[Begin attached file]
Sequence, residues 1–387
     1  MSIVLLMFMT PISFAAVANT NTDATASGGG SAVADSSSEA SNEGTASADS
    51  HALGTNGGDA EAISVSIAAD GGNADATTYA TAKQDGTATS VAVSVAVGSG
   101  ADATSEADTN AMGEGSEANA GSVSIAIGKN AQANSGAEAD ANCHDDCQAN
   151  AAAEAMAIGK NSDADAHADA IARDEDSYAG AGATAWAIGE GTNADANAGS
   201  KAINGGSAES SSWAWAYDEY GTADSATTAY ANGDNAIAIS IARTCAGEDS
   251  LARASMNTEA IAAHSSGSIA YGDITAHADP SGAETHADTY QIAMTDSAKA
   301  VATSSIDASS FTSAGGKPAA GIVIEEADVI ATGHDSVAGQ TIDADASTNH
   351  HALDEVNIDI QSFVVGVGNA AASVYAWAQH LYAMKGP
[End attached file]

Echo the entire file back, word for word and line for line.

Sequence, residues 1–387
     1  MSIVLLMFMT PISFAAVANT NTDATASGGG SAVADSSSEA SNEGTASADS
    51  HALGTNGGDA EAISVSIAAD GGNADATTYA TAKQDGTATS VAVSVAVGSG
   101  ADATSEADTN AMGEGSEANA GSVSIAIGKN AQANSGAEAD ANCHDDCQAN
   151  AAAEAMAIGK NSDADAHADA IARDEDSYAG AGATAWAIGE GTNADANAGS
   201  KAINGGSAES SSWAWAYDEY GTADSATTAY ANGDNAIAIS IARTCAGEDS
   251  LARASMNTEA IAAHSSGSIA YGDITAHADP SGAETHADTY QIAMTDSAKA
   301  VATSSIDASS FTSAGGKPAA GIVIEEADVI ATGHDSVAGQ TIDADASTNH
   351  HALDEVNIDI QSFVVGVGNA AASVYAWAQH LYAMKGP